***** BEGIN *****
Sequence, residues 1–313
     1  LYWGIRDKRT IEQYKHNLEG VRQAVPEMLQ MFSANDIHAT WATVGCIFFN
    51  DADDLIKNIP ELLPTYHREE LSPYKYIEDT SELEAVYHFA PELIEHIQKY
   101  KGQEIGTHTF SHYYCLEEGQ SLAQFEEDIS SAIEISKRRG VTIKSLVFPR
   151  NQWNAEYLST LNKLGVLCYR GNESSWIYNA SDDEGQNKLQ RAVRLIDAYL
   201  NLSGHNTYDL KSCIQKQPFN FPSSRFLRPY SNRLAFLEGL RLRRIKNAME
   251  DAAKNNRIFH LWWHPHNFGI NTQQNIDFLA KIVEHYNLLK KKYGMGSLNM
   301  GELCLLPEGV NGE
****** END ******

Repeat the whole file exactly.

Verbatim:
Sequence, residues 1–313
     1  LYWGIRDKRT IEQYKHNLEG VRQAVPEMLQ MFSANDIHAT WATVGCIFFN
    51  DADDLIKNIP ELLPTYHREE LSPYKYIEDT SELEAVYHFA PELIEHIQKY
   101  KGQEIGTHTF SHYYCLEEGQ SLAQFEEDIS SAIEISKRRG VTIKSLVFPR
   151  NQWNAEYLST LNKLGVLCYR GNESSWIYNA SDDEGQNKLQ RAVRLIDAYL
   201  NLSGHNTYDL KSCIQKQPFN FPSSRFLRPY SNRLAFLEGL RLRRIKNAME
   251  DAAKNNRIFH LWWHPHNFGI NTQQNIDFLA KIVEHYNLLK KKYGMGSLNM
   301  GELCLLPEGV NGE